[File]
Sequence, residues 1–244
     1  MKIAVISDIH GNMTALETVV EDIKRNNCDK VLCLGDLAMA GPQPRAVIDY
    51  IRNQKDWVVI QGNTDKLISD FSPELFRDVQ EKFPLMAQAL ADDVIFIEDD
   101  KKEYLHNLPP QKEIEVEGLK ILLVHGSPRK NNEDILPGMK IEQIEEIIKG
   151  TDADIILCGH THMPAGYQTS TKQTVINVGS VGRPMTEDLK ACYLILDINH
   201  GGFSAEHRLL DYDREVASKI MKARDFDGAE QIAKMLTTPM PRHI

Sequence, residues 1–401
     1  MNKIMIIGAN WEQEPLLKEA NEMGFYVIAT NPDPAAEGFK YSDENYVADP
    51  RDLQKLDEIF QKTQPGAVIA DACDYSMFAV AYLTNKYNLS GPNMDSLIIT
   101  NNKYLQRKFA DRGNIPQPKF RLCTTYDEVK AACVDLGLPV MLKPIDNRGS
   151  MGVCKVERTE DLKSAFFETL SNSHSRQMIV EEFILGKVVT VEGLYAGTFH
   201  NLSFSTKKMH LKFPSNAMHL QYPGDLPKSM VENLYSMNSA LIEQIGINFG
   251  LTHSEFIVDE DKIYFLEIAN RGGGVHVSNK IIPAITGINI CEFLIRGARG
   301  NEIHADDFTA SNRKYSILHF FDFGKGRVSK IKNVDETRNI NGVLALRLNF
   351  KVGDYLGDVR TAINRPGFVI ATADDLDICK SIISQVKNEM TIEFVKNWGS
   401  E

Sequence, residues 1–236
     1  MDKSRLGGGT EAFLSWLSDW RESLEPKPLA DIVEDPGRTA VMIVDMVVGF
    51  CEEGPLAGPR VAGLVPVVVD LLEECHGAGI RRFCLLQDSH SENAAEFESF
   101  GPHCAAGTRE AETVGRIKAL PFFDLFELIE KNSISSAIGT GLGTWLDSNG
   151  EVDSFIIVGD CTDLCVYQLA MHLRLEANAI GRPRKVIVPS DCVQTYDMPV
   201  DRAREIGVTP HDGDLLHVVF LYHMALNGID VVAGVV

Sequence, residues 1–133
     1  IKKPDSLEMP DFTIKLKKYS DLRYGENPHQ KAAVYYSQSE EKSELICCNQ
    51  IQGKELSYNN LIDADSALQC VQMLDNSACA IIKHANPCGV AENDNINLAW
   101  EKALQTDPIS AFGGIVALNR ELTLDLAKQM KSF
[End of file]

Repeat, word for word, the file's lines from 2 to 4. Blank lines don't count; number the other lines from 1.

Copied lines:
     1  MKIAVISDIH GNMTALETVV EDIKRNNCDK VLCLGDLAMA GPQPRAVIDY
    51  IRNQKDWVVI QGNTDKLISD FSPELFRDVQ EKFPLMAQAL ADDVIFIEDD
   101  KKEYLHNLPP QKEIEVEGLK ILLVHGSPRK NNEDILPGMK IEQIEEIIKG